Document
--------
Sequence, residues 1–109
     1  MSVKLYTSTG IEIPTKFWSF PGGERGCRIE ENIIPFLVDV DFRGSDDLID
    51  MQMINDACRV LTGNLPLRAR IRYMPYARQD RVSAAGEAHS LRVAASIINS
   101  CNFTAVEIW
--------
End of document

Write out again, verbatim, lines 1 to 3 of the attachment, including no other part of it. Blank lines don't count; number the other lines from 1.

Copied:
Sequence, residues 1–109
     1  MSVKLYTSTG IEIPTKFWSF PGGERGCRIE ENIIPFLVDV DFRGSDDLID
    51  MQMINDACRV LTGNLPLRAR IRYMPYARQD RVSAAGEAHS LRVAASIINS